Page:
[77] Counsel for Hill called Lucille Yates to give evidence about the standard of care owed by property managers in the selection and screening of tenants. She opined that Hill Property acted reasonably in securing the Whites as tenants. She said it is more difficult to find tenants in Mississauga than downtown Toronto. Workers with stable incomes in Mississauga can often afford to buy. When tenants are coming from another country, there are instances when credit checks cannot be obtained. In 2004-2006 she said she could often, but not always, obtain credit checks from Equifax on tenants coming from the United States. She would sometimes rent without credit checks. She said she would be leery, if, before the lease was signed, tenants advised they would be paying rent by cash. She opined that the letter from Meadowvale was a reasonable confirmation of employment and said she generally does not follow up on personal references. She testified that she generally interviews prospective tenants and exercises her own judgment.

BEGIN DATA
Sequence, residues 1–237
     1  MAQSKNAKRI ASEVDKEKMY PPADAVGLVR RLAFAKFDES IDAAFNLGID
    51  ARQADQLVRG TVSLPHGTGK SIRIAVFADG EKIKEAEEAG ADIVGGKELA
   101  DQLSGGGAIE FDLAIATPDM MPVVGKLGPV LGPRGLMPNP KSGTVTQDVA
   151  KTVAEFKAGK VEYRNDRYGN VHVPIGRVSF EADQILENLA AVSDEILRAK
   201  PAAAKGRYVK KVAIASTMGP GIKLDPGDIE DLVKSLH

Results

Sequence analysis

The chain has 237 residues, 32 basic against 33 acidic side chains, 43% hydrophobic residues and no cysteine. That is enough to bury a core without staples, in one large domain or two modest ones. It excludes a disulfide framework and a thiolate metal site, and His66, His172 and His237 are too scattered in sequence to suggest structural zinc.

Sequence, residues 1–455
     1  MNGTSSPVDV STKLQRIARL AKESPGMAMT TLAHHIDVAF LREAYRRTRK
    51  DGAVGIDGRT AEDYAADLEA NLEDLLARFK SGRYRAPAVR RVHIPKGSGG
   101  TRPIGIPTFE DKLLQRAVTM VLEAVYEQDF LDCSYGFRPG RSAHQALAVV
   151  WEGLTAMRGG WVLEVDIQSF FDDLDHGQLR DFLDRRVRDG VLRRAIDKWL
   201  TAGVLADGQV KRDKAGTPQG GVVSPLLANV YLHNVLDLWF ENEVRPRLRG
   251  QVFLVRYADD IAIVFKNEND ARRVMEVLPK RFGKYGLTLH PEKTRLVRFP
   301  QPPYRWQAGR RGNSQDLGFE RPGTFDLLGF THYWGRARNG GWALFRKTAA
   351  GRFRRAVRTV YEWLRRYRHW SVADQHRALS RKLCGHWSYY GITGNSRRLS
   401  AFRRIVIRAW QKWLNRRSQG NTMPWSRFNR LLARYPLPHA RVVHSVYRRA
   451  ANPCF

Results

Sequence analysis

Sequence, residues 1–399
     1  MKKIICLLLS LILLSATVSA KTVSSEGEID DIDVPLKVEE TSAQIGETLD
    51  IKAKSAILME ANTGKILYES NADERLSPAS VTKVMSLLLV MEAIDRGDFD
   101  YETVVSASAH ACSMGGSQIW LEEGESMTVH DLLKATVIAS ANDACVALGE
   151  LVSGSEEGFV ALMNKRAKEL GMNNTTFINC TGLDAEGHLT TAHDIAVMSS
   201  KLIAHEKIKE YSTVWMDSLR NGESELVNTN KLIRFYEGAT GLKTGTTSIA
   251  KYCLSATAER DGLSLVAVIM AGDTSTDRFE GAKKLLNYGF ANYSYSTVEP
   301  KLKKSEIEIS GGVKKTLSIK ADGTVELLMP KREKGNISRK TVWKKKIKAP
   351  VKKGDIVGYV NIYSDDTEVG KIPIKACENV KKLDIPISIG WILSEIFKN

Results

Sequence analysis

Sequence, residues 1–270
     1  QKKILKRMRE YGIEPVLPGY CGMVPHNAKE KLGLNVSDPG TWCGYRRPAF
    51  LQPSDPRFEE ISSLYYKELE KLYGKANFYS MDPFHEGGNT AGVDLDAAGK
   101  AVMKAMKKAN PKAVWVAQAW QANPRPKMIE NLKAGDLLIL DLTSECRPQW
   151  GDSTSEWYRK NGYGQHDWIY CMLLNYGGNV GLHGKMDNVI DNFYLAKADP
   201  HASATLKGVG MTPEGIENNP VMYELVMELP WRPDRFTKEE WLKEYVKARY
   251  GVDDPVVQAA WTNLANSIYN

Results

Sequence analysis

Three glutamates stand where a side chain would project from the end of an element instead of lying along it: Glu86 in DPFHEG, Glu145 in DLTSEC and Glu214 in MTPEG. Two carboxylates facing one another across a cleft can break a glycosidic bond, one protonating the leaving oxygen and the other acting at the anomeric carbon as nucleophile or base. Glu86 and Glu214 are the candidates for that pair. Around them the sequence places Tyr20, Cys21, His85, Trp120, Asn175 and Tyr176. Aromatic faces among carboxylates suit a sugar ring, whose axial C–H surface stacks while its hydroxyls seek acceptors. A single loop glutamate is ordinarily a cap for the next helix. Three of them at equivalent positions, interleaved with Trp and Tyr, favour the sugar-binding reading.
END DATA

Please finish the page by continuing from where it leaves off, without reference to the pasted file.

[78] However, she said before she agreed to rent to the Whites, she would have emailed the owners and informed them of the situation.

[79] She admitted that in situations where there are few documents or sources of information available, she would monitor a tenant more closely. If payment were sporadic, she would try to find out why. She would be quick to take steps towards eviction.

(c) Was the Duty Breached?